. It was therefore surprising that benign grade I glioma exhibited levels of PKM2 expression no different from those of frankly malignant grade III glioma, but less than that of GBM. A trivial explanation of this data is that the grade I-III tumor samples, as a result of the diffuse nature of the tumors, contain a larger percentage of normal cells than the grade IV tumors, and that the admixture of normal cells expressing high levels of PKM1 and tumor cells expressing high levels of PKM2 results in a grade I-III glioma sample that appears as a whole to have a lower level of PKM2 expression than its truly tumorigenic components. All samples used, however, were verified by pathologic examination to contain >90% tumor, and even if this explanation were true, mixed samples would be expected to have higher levels of both PKM1 and PKM2, rather than just the increased levels of PKM2 (relative to normal brain) noted. The related question of whether all glioma over-express PKM2 is an open to interpretation and based on the point of reference. Relative to normal brain, all glioma express higher levels of PKM2 and lower levels of PKM1. These tumors, however, most likely did not arise from normal differentiated brain cells and more likely arose from a stem or progenitor population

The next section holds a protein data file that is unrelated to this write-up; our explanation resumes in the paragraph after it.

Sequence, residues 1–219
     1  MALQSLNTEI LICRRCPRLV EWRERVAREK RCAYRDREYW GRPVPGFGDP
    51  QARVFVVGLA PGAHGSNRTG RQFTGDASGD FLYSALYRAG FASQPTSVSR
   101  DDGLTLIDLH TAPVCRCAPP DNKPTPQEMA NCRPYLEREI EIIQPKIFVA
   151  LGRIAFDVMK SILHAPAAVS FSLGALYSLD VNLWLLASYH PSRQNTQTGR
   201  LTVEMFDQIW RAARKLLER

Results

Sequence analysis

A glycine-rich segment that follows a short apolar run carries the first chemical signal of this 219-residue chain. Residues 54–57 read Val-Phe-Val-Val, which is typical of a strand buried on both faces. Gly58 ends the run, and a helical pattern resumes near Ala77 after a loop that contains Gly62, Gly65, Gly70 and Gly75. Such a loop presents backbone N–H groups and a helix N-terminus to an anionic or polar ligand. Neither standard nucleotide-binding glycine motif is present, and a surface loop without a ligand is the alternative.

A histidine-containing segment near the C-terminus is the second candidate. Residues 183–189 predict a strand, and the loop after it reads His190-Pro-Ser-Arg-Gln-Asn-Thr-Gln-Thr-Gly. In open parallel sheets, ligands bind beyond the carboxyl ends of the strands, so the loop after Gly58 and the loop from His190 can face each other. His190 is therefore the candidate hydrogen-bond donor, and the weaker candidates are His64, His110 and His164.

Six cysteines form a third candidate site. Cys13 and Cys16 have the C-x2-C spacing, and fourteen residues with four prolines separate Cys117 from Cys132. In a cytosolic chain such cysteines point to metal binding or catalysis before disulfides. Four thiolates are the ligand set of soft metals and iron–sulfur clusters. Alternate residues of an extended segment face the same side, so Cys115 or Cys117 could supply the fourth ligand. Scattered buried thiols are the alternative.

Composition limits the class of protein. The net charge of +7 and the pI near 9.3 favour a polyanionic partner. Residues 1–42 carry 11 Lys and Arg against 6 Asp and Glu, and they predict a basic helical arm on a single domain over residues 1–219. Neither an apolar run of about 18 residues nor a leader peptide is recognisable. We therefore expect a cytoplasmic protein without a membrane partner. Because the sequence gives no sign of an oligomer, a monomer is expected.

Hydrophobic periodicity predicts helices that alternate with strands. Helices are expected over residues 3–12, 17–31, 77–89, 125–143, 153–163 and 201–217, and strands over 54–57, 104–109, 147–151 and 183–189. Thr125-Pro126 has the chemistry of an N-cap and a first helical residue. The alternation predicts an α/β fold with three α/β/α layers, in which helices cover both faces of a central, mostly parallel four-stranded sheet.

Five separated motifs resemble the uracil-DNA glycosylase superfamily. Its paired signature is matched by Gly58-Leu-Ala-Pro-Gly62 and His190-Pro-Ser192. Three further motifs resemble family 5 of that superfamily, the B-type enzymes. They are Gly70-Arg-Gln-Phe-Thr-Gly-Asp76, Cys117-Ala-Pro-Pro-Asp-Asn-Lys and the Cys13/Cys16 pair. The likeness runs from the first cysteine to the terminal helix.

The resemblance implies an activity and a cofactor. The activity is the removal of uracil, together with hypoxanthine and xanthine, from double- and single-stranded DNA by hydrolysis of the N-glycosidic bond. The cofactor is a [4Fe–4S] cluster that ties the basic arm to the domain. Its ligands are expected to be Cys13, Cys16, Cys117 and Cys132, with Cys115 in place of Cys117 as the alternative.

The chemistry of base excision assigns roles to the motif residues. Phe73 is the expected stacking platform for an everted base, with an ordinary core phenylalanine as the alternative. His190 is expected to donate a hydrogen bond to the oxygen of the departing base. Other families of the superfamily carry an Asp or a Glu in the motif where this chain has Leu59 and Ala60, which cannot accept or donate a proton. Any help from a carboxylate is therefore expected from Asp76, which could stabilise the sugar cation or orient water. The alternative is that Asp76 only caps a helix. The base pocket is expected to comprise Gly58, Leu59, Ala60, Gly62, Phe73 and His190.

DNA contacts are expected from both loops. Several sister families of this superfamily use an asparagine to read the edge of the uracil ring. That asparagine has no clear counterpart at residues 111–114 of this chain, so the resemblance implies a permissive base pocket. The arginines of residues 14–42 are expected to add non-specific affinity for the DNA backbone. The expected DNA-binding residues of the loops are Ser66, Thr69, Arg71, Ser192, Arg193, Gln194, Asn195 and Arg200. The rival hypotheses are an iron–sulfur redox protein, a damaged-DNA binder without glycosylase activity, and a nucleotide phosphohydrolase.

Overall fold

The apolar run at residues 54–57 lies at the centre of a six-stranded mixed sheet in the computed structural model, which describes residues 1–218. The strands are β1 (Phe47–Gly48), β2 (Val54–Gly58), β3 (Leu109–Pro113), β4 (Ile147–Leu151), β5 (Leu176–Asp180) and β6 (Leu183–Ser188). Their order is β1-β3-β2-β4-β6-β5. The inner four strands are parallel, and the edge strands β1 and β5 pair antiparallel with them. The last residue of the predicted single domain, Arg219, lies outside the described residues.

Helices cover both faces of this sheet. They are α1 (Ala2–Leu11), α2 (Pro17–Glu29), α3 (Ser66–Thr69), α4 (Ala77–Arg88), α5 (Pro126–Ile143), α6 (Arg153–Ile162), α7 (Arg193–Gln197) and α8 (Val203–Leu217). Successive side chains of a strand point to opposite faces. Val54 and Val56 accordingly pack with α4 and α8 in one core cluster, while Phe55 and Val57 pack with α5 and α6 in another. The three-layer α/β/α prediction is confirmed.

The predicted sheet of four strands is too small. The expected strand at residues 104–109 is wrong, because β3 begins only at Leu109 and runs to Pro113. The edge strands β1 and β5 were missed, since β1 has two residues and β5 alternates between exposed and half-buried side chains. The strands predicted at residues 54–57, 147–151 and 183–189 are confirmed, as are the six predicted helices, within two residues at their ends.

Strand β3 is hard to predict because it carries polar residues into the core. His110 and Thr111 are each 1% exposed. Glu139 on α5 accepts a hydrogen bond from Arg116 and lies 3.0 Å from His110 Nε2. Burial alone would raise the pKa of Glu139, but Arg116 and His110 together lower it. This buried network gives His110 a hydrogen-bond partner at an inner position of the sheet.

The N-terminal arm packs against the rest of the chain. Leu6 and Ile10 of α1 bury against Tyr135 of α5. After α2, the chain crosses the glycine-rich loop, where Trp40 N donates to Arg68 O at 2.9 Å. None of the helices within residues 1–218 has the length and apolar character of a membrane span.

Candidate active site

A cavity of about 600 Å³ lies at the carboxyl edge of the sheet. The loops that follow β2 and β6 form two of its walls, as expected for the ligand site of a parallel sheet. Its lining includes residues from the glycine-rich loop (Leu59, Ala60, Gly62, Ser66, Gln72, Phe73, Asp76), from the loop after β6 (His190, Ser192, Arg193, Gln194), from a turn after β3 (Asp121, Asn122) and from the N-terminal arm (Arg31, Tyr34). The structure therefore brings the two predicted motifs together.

. Further complicating the matter, each grade of glioma may arise from a distinct progenitor population, and even with a given grade there may be different cells of origin 
. Nonetheless, the pattern of PKM1/PKM2 expression in grade I-III glioma more closely resembles that of NSC population than normal brain. Whether these tumors represent a frozen stage of differentiation or a dramatic shift in metabolic profile remains an unanswerable question. It is clear from the data, however, that GBM represent a unique type of glioma, quantitatively different from the other grades of glioma with respect to PKM2 expression.
If GBM exhibit significantly higher levels of PKM2 expression than other glioma, one important question is how this grade-specific up-regulation occurs. A number of genetic events including c-myc over-expression, growth factor over-expression, and Ras pathway activation have been linked to the control of PKM transcript splicing 
, and the increased incidence of these alterations in GBM may tilt the balance of splicing toward production of the PKM2 transcript and help explain the grade-specific increases in PKM2 expression noted. It's worth noting, however, that the present study examined both de novo